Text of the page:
And what a search it was! Anything that looked large enough to hold a turkey was thoroughly investigated. Luckily no one thought to look in the bilge. Even though dinner was 5 turkeys short it did not appear anyone suffered from lack of turkey for their Thanksgiving dinner. Later that day, after the turmoil of the search had subsided those of us who were in the know enjoyed a full belly of turkey. Looking back I now feel this was a dirty trick to pull on the men I would soon learn to depend on so heavily in the near future.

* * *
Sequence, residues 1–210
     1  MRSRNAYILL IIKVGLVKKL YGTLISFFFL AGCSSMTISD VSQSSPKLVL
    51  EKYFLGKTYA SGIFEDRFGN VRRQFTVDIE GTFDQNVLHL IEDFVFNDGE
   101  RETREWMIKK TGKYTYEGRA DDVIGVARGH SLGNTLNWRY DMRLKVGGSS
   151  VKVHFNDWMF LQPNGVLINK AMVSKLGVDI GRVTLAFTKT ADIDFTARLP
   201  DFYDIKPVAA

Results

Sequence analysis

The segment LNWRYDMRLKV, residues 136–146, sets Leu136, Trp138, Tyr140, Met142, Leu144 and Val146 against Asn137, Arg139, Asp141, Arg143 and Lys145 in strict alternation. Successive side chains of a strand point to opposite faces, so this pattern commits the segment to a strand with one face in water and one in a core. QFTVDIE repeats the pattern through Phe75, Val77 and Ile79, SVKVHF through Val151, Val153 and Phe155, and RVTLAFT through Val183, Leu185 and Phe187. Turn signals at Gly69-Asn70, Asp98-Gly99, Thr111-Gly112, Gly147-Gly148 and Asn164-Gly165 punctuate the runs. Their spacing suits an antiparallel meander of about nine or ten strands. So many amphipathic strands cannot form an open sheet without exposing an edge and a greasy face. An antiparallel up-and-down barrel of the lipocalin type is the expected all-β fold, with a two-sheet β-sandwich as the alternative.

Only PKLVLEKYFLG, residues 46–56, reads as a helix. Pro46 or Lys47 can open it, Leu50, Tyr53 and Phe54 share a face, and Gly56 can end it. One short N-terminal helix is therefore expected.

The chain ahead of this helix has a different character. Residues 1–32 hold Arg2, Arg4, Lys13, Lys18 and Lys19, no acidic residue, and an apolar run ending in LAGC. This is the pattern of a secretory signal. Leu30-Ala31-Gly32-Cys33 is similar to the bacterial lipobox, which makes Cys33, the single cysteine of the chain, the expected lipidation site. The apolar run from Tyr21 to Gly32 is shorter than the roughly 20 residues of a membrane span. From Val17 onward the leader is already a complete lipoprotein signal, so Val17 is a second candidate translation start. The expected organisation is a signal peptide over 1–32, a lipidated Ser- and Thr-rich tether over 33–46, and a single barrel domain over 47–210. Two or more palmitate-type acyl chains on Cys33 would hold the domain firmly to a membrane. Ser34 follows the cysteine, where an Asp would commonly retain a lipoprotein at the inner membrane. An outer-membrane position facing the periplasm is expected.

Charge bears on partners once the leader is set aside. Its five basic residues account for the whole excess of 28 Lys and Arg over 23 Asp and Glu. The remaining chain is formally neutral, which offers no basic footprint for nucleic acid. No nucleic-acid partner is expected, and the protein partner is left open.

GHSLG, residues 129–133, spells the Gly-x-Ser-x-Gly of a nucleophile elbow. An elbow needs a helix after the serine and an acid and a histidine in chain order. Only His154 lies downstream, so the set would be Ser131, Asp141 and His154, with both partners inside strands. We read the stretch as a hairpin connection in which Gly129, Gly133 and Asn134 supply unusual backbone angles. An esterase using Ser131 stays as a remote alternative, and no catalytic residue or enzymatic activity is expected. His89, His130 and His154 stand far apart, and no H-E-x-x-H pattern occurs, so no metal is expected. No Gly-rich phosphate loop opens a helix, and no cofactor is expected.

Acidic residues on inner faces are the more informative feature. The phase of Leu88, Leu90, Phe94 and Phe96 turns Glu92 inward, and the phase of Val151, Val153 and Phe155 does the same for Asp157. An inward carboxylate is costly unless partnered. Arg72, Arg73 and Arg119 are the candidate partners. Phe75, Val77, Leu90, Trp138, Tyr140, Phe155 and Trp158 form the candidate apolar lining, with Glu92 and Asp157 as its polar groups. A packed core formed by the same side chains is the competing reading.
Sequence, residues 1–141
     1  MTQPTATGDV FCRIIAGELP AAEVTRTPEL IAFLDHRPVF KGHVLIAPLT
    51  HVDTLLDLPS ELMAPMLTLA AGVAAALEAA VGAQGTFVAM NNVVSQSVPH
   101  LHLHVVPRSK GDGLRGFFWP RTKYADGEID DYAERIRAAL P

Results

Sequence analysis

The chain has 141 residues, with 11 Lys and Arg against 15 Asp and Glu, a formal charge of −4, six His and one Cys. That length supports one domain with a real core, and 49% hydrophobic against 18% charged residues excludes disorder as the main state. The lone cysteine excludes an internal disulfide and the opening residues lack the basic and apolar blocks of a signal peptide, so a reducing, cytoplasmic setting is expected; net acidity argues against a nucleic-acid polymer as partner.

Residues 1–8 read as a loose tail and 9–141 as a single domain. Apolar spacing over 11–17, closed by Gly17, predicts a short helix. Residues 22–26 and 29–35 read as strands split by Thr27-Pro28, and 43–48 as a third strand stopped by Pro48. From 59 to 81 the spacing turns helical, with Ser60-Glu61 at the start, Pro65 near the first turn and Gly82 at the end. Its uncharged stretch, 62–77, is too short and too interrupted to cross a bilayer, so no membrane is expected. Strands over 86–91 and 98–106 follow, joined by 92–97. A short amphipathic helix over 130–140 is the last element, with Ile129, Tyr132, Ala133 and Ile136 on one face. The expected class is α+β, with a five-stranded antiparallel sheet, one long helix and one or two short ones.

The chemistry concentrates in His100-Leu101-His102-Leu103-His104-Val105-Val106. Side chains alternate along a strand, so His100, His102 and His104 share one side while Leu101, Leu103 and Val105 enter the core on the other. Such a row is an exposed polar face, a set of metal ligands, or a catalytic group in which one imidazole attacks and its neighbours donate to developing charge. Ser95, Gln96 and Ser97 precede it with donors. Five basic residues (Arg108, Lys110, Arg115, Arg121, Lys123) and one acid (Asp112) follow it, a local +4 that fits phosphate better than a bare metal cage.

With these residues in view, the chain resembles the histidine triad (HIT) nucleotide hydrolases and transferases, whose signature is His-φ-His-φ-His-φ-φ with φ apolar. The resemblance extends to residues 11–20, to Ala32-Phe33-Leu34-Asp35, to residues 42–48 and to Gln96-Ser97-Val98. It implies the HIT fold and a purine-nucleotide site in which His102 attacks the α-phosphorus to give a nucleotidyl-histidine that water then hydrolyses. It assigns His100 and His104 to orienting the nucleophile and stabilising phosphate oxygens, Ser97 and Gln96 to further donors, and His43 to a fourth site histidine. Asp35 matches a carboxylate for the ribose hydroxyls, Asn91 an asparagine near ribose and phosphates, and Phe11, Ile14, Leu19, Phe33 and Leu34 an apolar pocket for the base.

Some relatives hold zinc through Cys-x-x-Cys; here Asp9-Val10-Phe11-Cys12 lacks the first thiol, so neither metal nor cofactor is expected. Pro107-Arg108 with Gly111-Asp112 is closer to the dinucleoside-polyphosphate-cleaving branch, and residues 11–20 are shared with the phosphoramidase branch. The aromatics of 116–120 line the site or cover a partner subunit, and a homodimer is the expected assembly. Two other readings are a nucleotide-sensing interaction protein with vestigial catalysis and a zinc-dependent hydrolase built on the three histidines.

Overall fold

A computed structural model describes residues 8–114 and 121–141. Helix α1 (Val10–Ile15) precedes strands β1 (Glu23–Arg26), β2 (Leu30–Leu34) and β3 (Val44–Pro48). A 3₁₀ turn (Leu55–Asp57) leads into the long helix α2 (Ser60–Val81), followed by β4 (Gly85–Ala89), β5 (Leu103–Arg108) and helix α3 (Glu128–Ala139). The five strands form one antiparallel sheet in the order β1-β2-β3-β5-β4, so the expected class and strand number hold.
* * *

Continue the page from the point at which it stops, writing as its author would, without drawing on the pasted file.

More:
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ABOUT THE "G" COMPANY PHOTOGRAPHIC COLLECTIONS In June 2000 Chet Nycum provided us with a series of photographs which we're using to illustrate  his (and other) articles.  Some of the images are unique, and a good number of them have also been duplicated in other people's collections as well.   Wherever I can, I have used the best available image. (Some of the photos used are courtesy of Doyle Wester, whose father Emmett L. Wester was in "G" Co.) There's another series which was widely distributed,  it even came with a mimeographed title sheet, also originating within "G" Company.  This collection is available as the Foster Collection.  Why do so many men have similar photographs?  There's two explanations - firstly, when they could, the men acquired multiple prints, and traded images amongst themselves. Secondly (and more importantly) there was an informal arrangement to establish a photograph collection which could be made available to  the men within "G" Co.  How did this come about? Chet Nycum explains that he'd acquired a number of  captured cameras and would use them to take photos, until the film ran out.  He'd then toss the camera and acquire  another.  One of "G" Company's other men, Mike Levack, had experience as a photographer and was returning to the US.  Chet takes up the story.  "Mike Levack was a keen photographer, and when we jumped on Corregidor, for example, Mike initially did not jump - he had been given permission to take photographs of the jump from the aircraft. He took some of the most spectacular photographs of the jump.  I arranged with Mike that we should pool our negatives  to make prints, so that anyone from "G" Company could get whatever copies they wanted.  So we pooled our negatives.  Ultimately, I got my prints back, and other prints besides. But I was annoyed that Mike didn’t return  my negatives now we were home. I was seeking him out, when I discovered that he had been killed in a plane crash flying to Mexico on a photographic assignment. I never saw my negatives again. I thought he hadn’t kept up his end of the deal, but over the years I have discovered many of my photographs in other collections, so I am happy to see that he did. Consequently, there's a number of collections of photographs out there which include photos taken by me, photos taken by Mike Levack, and photos taken by some other men who might have had similar arrangements with Mike. "